It’s no secret that to achieve as a team we need to trust and cooperate with each other. In construction projects, trusting and collaborative environments are always the most productive, profitable and enjoyable ventures.  

We may feel that contracts and contract administration often obstruct this way of working.  The issuing and receiving of contract communications can feel cold, adversarial, antagonistic and overzealous.  There is often a natural tendency for project professionals to distance themselves with the contract and sometimes refer to it with disdain trying to indicate that the team can somehow ‘rise above’ its requirements and manage the works in an environment of basic trust and harmony.

…we’ve not needed to look at it yet, we haven’t had a problem so far” and “…it’s in the bottom drawer over there somewhere

How often is this approach successful?

We need rules and parameters to work within, we need guidelines and processes to govern behaviour.  We must understand and acknowledge each other’s responsibilities, not shy away from them.  

Experience shows successful projects are those where people achieve the trust and cooperation elements that are essential for success however, they also consistently manage to communicate in accordance with the contract and with a high degree of quality.  

The NEC3 contract has two clauses that are quite specific in relation to communications however I’ve often witnessed projects that either don’t adhere to them or don’t even realise they exist – 

Clause 13.1 requires each communication to be in a form which can be read, copied and recorded.  

Clause 13.7 requires notifications to be communicated separately from other communications.

What does this mean in reality and what are the potential pitfalls of not acknowledging and adhering to these clauses?

Clause 13.1 is straight forward enough and confirms that we can’t rely on verbal communication.  However, this should not be taken to mean we mustn’t talk!  Far too many revised quotations and programmes are submitted with futility for the reason that the teams aren’t meeting and talking prior to formal communication.

The remainder of this blog is focused on clause 13.7 for the reason that it’s often ignored completely!

Imagine a simple change to the works information under NEC3 ECC where the Project Manager (PM) gives an instruction under clause 14.3.  In nearly all circumstances this is a compensation event and will also require an instruction from the PM for quotations to be submitted.  So from a simple change there are three types of communication and these should be communicated separately but at the same time - 

  • Instruction under clause 14.3 changing the Works Information.
  • Notification under clause 61.1 of the compensation event.
  • Instruction under clause 61.1 for quotations to be provided.

It’s rare to see this bureaucratic diligence in action on projects, usually because of the time it takes to write three letters or fill in three template forms.  This may not be an issue if an agreed system is in place so all parties are aware of what has been communicated and what hasn’t.  The problem arises when notifications, instructions and other communications are combined within corporate proformas or generic communication templates.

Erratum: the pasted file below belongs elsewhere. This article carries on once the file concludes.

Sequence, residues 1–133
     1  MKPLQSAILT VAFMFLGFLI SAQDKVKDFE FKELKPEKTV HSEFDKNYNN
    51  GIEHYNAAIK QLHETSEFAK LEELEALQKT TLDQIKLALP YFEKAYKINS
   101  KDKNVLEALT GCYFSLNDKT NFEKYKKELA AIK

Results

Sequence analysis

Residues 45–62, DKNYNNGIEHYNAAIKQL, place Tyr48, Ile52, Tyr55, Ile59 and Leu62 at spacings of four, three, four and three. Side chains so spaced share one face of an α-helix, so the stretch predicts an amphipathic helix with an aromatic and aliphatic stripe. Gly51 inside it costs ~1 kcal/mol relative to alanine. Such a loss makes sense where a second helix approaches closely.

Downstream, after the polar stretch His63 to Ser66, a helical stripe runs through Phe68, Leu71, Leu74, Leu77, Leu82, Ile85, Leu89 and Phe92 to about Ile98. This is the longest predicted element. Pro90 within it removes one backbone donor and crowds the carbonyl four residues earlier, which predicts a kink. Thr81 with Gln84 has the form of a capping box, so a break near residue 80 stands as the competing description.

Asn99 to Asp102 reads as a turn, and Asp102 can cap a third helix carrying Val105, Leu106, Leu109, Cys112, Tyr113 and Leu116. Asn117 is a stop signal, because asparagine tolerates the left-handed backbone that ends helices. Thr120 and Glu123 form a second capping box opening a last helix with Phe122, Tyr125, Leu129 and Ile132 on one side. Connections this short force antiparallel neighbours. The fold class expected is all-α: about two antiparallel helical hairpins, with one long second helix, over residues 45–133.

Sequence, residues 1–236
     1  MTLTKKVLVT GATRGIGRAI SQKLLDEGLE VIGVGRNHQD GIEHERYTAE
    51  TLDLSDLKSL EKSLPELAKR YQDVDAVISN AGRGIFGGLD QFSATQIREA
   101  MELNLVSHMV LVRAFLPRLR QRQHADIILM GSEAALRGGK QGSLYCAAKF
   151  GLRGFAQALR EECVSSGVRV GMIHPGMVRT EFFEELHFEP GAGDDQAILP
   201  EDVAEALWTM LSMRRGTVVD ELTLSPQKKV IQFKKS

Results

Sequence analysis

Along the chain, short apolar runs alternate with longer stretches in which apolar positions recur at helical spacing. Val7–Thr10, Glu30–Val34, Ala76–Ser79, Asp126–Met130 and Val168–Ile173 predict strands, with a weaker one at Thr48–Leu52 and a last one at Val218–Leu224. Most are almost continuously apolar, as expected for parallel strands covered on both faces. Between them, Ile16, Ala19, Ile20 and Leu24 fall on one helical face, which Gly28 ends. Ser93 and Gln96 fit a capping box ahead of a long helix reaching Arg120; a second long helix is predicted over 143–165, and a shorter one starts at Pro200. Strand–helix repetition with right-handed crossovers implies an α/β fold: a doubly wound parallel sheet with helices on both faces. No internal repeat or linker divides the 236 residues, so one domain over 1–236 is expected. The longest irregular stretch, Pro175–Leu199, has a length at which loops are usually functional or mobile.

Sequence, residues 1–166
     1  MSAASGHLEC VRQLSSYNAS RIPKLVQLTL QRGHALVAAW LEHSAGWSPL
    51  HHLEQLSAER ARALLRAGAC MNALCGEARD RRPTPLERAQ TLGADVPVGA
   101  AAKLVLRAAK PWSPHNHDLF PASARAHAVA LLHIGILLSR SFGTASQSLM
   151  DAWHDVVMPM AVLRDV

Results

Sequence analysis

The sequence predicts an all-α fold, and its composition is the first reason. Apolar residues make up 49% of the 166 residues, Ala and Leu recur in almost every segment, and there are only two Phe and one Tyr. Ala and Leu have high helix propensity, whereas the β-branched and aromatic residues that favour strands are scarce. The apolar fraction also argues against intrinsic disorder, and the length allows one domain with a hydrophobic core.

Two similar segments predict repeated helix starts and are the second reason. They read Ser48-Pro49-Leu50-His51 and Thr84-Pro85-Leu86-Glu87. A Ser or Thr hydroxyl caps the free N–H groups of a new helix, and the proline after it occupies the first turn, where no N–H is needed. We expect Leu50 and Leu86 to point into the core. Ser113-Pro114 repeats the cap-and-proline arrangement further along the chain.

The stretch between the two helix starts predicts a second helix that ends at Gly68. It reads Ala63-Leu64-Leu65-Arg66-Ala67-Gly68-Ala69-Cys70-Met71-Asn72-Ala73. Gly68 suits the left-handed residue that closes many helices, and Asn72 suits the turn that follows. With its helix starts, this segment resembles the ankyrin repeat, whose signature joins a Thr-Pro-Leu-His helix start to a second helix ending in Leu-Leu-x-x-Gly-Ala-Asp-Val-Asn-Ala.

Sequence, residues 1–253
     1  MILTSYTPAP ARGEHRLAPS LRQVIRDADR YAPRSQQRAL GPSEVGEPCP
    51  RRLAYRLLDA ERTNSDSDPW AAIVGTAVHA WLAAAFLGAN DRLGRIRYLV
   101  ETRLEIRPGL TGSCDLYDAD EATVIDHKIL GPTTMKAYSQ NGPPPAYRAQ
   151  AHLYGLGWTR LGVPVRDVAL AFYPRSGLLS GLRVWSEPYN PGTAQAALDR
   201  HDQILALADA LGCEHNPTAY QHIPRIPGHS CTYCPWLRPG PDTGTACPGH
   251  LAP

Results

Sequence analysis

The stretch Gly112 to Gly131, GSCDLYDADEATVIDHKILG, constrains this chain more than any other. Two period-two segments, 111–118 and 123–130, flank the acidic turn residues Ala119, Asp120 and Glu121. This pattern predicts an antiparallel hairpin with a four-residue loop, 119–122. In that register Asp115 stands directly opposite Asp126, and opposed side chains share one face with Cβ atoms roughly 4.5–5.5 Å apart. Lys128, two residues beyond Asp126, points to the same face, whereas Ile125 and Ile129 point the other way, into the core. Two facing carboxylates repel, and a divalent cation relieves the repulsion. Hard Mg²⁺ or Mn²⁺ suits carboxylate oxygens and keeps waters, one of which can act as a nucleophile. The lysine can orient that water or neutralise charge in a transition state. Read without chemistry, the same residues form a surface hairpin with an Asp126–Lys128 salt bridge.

For example – notifications contained within minutes of meetings, technical notes, progress reports or other documents.  Often these are vague and merely make reference to some cost and time impact being expected – to be communicated at a later date.  This doesn’t meet the standard for notification under clause 13.7 and will only cause consternation at a later date when one party says “but I did notify you about that - in that set of minutes/reports/programme update”.

The other common mistake is to give an early warning and at a later date suggest that this constituted notification of a compensation event.  Early warnings are notifications and matters in their own right and therefore compensation events and early warnings should never be notified within the same communication.

So what’s the answer?

  • Acknowledge that using the NEC3 requires diligence in communicating and agree on a common system between parties.
  • Notifications must be communicated separately – they are very important and often the start of a process within the NEC3 contract which requires managing, so make sure everyone knows a notification has been given by doing it clearly and separately.
  • Manage shared registers of communications and events - on a well administered NEC3 contract hundreds of communications will be generated during a project. Employ a method of managing those communications so no one can be in any doubt as to what has been communicated when, to who and relating to what!

Using a contract management system like CEMAR can make this process simple, compliant and consistent by

  • automatically producing contract compliant, uniquely numbered communications, date and time stamped and logged in an archive folder.
  • dynamically updating contract compliant letters based on user selections to ensure the correct communications are issued and recorded.
  • allowing multiple users from all parties to log in and work in the same contract environment, using shared registers to ensure a single version of the truth, without compromising the consistency of communication.

See our video tutorials on how CEMAR manages communications - http://www.cemar.co.uk/tutorials/ 

CEMAR | Tutorials - NEC3 Communicating 1 of 2

CEMAR | Tutorials - NEC3 Communicating 2 of 2

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